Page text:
During the lockdowns, I decided to embark on a large project based in my home village of Pilton, Somerset. I mused over a few ideas but finally settled on the village allotment.
Over the years I have painted many allotments, some real locations and many manufactured from a collection of sketches and ideas.
My approach to painting the Pilton allotment
Like all my work, it wouldn’t be a traditional, accurate depiction as most artists do but an idea of the allotment. As I say in my ‘About me’ section:
“Accurate perspective however is all well and good, although in creative terms it can only deliver so much. I tend to adjust and push things about until it feels right. If that means geometric perspective is abandoned, then that’s fine. It’s all about the overall impression.”
Essentially, I take a medieval and Early Modern approach to creating a painting. If a part is interesting to me then make it bigger. If it is not interesting to me, then make it smaller or just leave it out completely.
I will also adjust time, seasons, plants and crops. Here you can see spring Dandelions in with Autumn Pumpkins.
The reason for this is that when we think of an allotment or garden our minds leap to the parts that interest us the most so, Roses will be right next to Snowdrops. In essence we condense time in our minds. In response I condense time in my paintings. I also took the opportunity to condence scale too. I took in a whole landscape and added a bee in amongst it all. It may take a while to spot. This inspired the title ‘A bee in a country allotment’.
I really enjoyed painting our allotment and the project helped me keep a little saner throughout the lockdowns and ever-changing rules and regulations.
The Pilton allotment in exhibition
It seems the New English Art Club (NEAC) were pleased with my painting too as it was accepted into their annul exhibition 2022.
Mall Galleries, The Mall, London SW1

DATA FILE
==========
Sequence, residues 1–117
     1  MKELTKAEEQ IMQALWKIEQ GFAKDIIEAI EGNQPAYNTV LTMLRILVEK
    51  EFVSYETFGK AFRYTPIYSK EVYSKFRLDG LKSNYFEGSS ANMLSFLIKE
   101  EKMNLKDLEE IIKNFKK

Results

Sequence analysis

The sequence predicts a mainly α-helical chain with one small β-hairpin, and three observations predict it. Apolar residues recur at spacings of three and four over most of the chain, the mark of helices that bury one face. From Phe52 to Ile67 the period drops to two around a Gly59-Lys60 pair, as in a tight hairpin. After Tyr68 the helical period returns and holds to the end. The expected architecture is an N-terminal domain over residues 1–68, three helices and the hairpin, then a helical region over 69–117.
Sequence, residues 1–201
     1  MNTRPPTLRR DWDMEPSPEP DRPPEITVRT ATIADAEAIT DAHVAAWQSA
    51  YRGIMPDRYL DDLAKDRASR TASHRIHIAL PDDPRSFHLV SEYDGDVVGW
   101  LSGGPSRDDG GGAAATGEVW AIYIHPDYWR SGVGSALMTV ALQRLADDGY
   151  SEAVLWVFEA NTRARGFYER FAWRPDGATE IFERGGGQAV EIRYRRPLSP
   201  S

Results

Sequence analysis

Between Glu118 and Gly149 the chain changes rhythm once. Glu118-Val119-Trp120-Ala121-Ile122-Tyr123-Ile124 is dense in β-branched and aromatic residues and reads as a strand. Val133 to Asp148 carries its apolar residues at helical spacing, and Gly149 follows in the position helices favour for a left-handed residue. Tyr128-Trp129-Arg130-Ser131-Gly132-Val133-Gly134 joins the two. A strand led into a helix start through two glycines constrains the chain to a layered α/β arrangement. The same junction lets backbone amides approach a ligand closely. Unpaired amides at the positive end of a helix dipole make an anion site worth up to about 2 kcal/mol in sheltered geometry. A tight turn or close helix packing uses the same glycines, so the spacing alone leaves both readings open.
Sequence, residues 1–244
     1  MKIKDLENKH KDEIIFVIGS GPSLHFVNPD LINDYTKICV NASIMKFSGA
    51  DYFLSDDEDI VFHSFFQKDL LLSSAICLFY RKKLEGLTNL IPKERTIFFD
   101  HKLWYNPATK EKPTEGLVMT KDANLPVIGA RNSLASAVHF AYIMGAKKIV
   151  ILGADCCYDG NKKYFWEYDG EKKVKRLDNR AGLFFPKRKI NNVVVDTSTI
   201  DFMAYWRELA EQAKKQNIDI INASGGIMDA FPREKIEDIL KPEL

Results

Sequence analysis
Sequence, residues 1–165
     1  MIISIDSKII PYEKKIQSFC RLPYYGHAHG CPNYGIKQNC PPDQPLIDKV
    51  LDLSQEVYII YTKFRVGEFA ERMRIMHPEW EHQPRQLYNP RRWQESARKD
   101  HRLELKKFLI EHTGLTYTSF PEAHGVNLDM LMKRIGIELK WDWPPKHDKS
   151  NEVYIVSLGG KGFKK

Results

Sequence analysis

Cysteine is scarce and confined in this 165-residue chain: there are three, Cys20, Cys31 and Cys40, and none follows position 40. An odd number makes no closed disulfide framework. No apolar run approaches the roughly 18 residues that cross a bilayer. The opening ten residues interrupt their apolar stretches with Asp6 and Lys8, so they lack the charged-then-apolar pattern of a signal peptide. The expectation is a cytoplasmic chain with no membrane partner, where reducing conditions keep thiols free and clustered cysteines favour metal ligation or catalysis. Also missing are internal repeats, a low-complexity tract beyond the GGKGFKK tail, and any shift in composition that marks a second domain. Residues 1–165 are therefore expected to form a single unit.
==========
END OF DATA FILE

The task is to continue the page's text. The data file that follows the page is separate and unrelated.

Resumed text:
23 June to 2 July 2022, 10am – 5pm
A fine, summer surprise for me. Many thanks!
The New English Art Club
“The New English Art Club is an elected society of contemporary painters whose ethos resides in art informed by the visual world and personal interpretation.
The Annual Exhibition is a showcase not only for its members but also for aspiring artists: with a history going back more than a hundred years, it is an opportunity for work to be seen alongside some of the best artists painting today, held at Mall Galleries in London.
Founded by a group of artists dissatisfied with the entrenched attitudes of the Royal Academy, the group mounted their first show in 1886 and work included paintings by Clausen, Sickert and Stanhope Forbes. The New English increasingly attracted younger artists, bringing with them the influence of Impressionism and Post-Impressionism.”
A bit of history of Pilton Somerset
Though there has been a church on the current site since 725, Pilton is first is mentioned in The Doomsday book (commissioned by William I) and later administered by the monks of Glastonbury Abbey which is a few miles up the road.
Their vast Tithe Barn in Pilton still survives to this day. The Glastonbury monks, however, did not survive, as Henry VIII got rid of the lot during the reformation in the 16th Century.
Many of the local houses are built from the local blue lias stone. Pieces of this stone pop out of the ground with every ploughing, so I suppose it was used through necessity although it’s very tough stuff and we have structures in Pilton that have been there for well over 500 years.
The other notable thing about Pilton is that it is the home of The Glastonbury Festival where our modest parish of 900 swells to over 200,00 for a week or more in June. Incredible for music and incredible for takeaway food too.
If you are Interested in buying a painting or considering a commission of art or illustration then just mail me or give me a call.
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